In China, bachelorhood might be dangerous

Twelve to 15 percent of the male population is single, posing a threat to the country's social stability


Adam Taylor
February 7, 2013 11:10PM (UTC)
This article originally appeared on GlobalPost.

In the last few years, the phenomena of China's "leftover women" — that is, women over the age of 28 who are unmarried — has become a hot topic amongst China and China-watchers.
Global Post
But the fact is these so-called leftover women are probably an overhyped concern, perhaps driven by government worries about a more likely problem — leftover men, aka "bare branches."

Yes, given a combination of China's one child policy and a traditional preference for sons, China may be looking at 12 to 15 percent of its male population being unable to find a wife. As Jessica Levine writes at Tea Leaf Nation, that's pretty much the population of Texas.

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That many lonely, angry men are not good for anyone. Levine points to an academic article released last year by Quanbao Jiang& Jesus J. Sanchez-Barricarte, these bare branches aren't just sad — they represent a danger to society.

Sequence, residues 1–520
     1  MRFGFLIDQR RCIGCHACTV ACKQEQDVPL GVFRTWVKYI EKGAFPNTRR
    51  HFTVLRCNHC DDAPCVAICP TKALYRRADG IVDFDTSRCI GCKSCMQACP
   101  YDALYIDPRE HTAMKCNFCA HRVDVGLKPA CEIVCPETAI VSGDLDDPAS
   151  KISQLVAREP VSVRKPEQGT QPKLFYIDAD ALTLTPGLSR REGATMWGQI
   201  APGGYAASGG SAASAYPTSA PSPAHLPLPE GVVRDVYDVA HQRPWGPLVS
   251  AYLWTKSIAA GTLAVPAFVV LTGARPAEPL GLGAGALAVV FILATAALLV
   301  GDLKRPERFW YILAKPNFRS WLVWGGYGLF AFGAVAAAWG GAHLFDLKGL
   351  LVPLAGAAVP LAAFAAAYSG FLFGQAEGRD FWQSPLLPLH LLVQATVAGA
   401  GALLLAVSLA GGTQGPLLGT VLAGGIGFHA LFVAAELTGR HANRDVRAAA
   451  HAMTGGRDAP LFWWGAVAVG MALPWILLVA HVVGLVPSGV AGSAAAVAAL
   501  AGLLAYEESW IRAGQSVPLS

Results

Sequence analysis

The article, "Bride price in China: the obstacle to ‘Bare Branches’ seeking marriage," explains how another factor in China — a traditional payment for brides referred to as a "bride price" — is causing problems for the bare branches.

Many bare branches are from poor and rural areas, and find it difficult to pay the bride price, making them a less attractive mate. In recent years, as the shortage of eligible females has become more pronounced, the bride price has gone up.

For bare branches, desperate times can lead to desperate measures. Jiang and Sanchez-Barricarte write:

Bachelorhood affects one's physical health, psychology and behavior, and can ruin one's life discipline. Bare branches will seek opportunities to marry in various ways, threatening social stability, and the stability of their families and communities, as well as menacing social order. This has become a serious problem that Chinese society, and its government, will sooner or later have to address.

As such, it may be a bit easier to understand why Chinese institutions seems to play into the leftover women narrative — it's a lot less scary than the alternative.

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Adam Taylor

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China Chinese Economy Globalpost Marriage

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